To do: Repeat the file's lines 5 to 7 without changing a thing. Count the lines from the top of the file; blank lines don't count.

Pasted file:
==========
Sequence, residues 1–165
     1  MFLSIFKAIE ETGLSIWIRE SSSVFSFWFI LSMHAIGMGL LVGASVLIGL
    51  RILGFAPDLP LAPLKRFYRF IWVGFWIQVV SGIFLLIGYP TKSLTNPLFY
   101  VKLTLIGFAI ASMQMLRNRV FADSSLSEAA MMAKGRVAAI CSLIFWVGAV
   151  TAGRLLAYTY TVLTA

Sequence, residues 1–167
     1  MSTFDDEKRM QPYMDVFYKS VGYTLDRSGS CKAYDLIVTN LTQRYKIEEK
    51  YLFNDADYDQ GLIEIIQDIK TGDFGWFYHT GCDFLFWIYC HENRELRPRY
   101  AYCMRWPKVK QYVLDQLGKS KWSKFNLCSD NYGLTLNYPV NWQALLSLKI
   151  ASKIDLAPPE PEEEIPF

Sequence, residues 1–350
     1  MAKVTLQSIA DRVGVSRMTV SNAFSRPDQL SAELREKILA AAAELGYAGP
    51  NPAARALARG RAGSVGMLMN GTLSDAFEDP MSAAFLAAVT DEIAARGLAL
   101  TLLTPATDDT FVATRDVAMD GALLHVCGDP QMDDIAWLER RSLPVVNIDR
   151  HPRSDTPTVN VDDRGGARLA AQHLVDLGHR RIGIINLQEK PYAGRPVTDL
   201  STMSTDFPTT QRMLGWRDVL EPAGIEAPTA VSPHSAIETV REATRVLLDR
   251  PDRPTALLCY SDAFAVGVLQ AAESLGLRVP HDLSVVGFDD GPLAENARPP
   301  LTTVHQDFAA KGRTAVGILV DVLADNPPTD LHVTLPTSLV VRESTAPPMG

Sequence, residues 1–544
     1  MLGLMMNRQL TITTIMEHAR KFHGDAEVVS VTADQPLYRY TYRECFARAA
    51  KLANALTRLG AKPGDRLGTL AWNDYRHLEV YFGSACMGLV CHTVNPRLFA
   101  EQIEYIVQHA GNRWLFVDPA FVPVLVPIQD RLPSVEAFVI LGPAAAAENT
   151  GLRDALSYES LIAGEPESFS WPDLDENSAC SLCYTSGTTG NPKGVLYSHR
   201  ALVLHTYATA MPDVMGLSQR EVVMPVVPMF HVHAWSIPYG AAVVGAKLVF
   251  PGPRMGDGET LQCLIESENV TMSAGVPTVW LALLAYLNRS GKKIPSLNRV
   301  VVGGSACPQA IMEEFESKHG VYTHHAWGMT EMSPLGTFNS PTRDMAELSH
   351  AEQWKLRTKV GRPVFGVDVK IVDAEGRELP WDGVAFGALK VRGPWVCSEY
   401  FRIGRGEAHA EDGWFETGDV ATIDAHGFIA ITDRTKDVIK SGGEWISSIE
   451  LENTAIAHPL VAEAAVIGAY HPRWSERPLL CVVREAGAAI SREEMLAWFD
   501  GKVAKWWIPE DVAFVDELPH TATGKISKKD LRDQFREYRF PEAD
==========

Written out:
   151  TAGRLLAYTY TVLTA

Sequence, residues 1–167
     1  MSTFDDEKRM QPYMDVFYKS VGYTLDRSGS CKAYDLIVTN LTQRYKIEEK